# OO design of Reverse Polish Notation Calculator

This solution focuses on the design of classes, not the actual push and pop stack part. I will include that part of the code as well. The current code has 2 operators (plus and minus).

If we add another subclass under Token, is there a way that we don't need to check in processInput() what each operator is and perform the right calculation?

I didn't know how to answer that question. I looked into Java Reflection, but still don't know how reflection can help me in this case. Can anyone shed some light on how I can make this design better?

I want to allow people to add new operators, multiply and divide, and maybe make their own definition for special operators.

This application will take input string like "1 2 + 1 -" and output 2 because "1 2 + 1 -" is the reverse Polish notation for (1+2)-1 = 2.

import java.util.*;
public class RPNCalculator {
public static Stack<Integer> stack;
//assume this string has integers and legal operators +,- and deliminated by space
// an example would be "12 2 + 1 -"
private static String input;
static String operators ="+-";

public RPNCalculator(String userInput){
input = userInput;
stack = new Stack<Integer>();
}

public void processInput(){
StringTokenizer st = new StringTokenizer(input, " ");
while (st.hasMoreTokens()){
String str = st.nextToken();
if(!operators.contains(str)){
stack.push(Integer.parseInt(str));
}
else{
if(str.equals("+")){
Plus obj = new Plus();
obj.calc();
}
else if(str.equals("-")){
Minus obj2 = new Minus();
obj2.calc();
}
}
}
System.out.println(stack.pop());
}
}

public abstract class Token {
abstract void calc();
}
public class Minus extends Token {

@Override
void calc() {
int a = RPNCalculator.stack.pop();
int b = RPNCalculator.stack.pop();
RPNCalculator.stack.push(b-a);

}

}

public class Plus extends Token {

@Override
void calc() {
int a = RPNCalculator.stack.pop();
int b = RPNCalculator.stack.pop();
RPNCalculator.stack.push(a+b);
}

}
public class RPNDriver {
public static void main(String[] args) {
System.out.println("starting calculator...");
RPNCalculator rpn = new RPNCalculator("1 2 +");
rpn.processInput();
}
}

• [cry] why did I get down voted? I wrote these 5 classes. and I know it's not the ideal object oriented design. some feedback is much appreciated. – Angela P May 19 '17 at 20:17
• I have tested the code. All runs correctly. see example tested in the Driver class. I'm looking for ways where I can improve the structure for adding more operators in the future. – Angela P May 19 '17 at 20:22
• I am not the person who downvoted you. There is also a vote-to-close as Unclear What You're Asking. That means that someone wanted more explanation of how the code works. E.g. what input does it take? How does it process the input? What output does it produce? How is operator extension supposed to work? If you add that information to the question, it's possible that the downvote and vote-to-close may be retracted. – mdfst13 May 19 '17 at 20:57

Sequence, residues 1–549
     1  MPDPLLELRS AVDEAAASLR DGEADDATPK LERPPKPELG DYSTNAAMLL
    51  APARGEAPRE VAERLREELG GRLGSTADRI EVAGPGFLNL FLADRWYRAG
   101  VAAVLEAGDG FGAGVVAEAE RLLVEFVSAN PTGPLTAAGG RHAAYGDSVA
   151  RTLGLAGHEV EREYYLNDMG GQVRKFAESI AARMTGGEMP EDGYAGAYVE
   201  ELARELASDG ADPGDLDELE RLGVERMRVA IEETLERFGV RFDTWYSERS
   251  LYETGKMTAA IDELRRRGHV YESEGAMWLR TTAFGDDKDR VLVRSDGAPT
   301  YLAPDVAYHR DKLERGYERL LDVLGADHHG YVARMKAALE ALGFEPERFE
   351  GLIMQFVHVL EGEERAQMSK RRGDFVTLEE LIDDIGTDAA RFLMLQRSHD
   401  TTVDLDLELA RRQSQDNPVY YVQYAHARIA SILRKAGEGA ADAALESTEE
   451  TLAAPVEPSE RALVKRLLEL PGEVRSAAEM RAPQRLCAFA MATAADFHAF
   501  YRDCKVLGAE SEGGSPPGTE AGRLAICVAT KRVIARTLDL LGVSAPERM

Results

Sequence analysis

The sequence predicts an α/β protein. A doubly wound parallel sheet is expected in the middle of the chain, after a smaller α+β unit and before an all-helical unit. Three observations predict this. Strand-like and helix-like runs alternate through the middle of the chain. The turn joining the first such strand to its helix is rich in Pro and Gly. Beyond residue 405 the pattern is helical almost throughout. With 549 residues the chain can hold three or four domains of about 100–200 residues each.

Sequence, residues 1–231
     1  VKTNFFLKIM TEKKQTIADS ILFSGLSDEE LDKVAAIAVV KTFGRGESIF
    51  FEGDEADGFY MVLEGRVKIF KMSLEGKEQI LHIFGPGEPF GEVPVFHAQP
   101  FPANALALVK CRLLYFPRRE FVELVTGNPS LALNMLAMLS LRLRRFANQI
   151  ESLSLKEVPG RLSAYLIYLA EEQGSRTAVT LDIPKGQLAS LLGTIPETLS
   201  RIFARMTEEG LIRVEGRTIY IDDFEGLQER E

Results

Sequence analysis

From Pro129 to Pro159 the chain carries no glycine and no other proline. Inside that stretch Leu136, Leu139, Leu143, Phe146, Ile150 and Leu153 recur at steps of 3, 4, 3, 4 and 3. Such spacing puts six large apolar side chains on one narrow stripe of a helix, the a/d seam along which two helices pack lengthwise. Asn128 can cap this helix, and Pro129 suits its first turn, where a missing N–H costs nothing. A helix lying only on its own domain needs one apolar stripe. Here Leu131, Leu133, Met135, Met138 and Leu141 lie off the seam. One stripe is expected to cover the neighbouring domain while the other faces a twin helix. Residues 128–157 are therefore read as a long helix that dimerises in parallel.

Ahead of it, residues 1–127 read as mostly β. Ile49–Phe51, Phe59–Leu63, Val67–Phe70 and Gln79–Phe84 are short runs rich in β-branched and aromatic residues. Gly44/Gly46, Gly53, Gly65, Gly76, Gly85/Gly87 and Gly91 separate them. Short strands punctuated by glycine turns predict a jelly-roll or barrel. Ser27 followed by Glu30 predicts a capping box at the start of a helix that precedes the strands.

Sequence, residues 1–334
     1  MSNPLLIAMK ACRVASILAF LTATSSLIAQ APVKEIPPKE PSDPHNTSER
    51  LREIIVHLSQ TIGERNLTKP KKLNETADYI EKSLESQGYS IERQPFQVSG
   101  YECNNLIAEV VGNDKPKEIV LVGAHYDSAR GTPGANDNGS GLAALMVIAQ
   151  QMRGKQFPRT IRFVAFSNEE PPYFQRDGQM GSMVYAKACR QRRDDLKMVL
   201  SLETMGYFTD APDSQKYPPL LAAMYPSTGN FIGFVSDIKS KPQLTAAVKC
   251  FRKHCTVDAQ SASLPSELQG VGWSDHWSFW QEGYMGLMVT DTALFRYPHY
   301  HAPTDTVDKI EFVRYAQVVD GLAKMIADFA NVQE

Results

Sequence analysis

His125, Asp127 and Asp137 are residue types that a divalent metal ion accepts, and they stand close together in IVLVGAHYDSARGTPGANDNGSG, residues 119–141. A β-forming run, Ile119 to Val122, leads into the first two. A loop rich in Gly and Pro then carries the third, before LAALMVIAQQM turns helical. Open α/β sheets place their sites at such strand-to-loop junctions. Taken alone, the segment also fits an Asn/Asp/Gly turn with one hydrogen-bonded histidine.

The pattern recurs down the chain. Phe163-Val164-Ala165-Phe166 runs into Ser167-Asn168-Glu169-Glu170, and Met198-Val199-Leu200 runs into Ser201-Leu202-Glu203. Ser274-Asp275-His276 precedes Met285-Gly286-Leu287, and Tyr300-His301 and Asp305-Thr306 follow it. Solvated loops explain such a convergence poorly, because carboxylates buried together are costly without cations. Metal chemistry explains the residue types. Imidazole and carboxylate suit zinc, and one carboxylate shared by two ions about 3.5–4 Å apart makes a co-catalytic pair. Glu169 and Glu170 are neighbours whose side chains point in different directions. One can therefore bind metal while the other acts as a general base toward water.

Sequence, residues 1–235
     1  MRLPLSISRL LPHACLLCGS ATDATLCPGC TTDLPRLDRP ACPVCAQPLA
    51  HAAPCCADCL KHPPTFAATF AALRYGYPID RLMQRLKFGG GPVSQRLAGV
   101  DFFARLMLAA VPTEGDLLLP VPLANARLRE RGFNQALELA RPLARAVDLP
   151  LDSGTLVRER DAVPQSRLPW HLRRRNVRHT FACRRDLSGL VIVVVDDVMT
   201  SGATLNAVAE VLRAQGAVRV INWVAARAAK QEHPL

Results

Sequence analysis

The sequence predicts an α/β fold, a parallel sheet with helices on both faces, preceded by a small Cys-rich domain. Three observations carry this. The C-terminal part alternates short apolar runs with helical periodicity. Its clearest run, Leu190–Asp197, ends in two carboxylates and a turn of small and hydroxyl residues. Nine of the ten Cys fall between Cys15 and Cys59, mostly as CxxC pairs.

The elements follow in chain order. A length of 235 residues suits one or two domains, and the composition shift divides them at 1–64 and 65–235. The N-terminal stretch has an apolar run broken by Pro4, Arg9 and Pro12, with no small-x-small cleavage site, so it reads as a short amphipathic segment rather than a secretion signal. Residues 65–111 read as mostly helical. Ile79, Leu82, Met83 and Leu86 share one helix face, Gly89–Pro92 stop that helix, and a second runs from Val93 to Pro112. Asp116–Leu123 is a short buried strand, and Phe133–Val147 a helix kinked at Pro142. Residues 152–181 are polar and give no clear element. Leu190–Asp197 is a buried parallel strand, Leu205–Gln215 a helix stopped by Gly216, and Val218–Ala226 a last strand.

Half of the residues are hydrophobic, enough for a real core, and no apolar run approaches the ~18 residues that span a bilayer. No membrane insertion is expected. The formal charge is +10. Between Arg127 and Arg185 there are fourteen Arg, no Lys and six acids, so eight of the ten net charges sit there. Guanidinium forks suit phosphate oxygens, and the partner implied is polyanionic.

• sorry if I made the question confusing. If I make another subclass, for example multiply extends token. I also need to go into the processInput() to update the logic in there. Is there a way where I don't update the logic in processInput()?? Because the idea of using OO design is to module things. If I'm updating the logic every time a operator is added, why don't I just do If (str =='+' ){ a+b }; – Angela P May 19 '17 at 21:15

You can add more flexibility by storing a mapping from a String to a Token in a Map. After populating the map, you'll just need to look up for the token in it instead of writing a a long sequence of if-else blocks.

That is, you can define and populate it like this:

Map<String, Token> operators = new HashMap<>();
// other operators go here


and then use it like this: operators.get(str).calc()

This way, you just need to define a new subclass of the Token and add its instance to the operators map to define a new operator.

You can make the code even more flexible by passing this map as a parameter to the processInput method to decouple reading the input from the computations (this way, a client will be able to define his own subclass of the Token and pass it to this method).

I'd also rename the Token. Operator or Operation seems more appropriate to me (because a number is also a token, so this name is more precise).

There's also no point in having static members in the RPNCalculator class. It makes it non-reusable and might create a bunch of issues in a multithreaded environment. I'd suggest to make all members non-static and encapsulate them properly (and pass a reference to an instance of this class to the constructor of the concrete Token subclasses).

You can also decouple the operators from the calculator completely by changing the signature of the calc method to public int calc(int a, int b) (it might be an issue for non-binary operators, though).

You can improve your code by handling the errors more carefully. For instance, if the number of tokens on the stack is more than one in the end of the evaluation, your code will return some value, but it should be an error ("1 2" is not a valid expression, is it?). You can check such cases and throw an appropriate exception.

• thank you! I think HashMap is what I'm looking for! a follow-up question, when you say make all members non-static, you mean the static String input, stack and string operators, right?? (I'm new to OO design). any suggestions are much appreciated! – Angela P May 19 '17 at 21:28
• Definitely don't change it to public int calc(int a, int b). RPN operators should manipulate the stack directly. – 200_success May 19 '17 at 21:33
• @AngelaPan Yes, it refers to the input String and the stack. – kraskevich May 19 '17 at 21:46
• 200_success, I read your solution in the link where there is a static hashmap in the operator class, is this for decouple the calculator class from the operators? – Angela P May 19 '17 at 21:48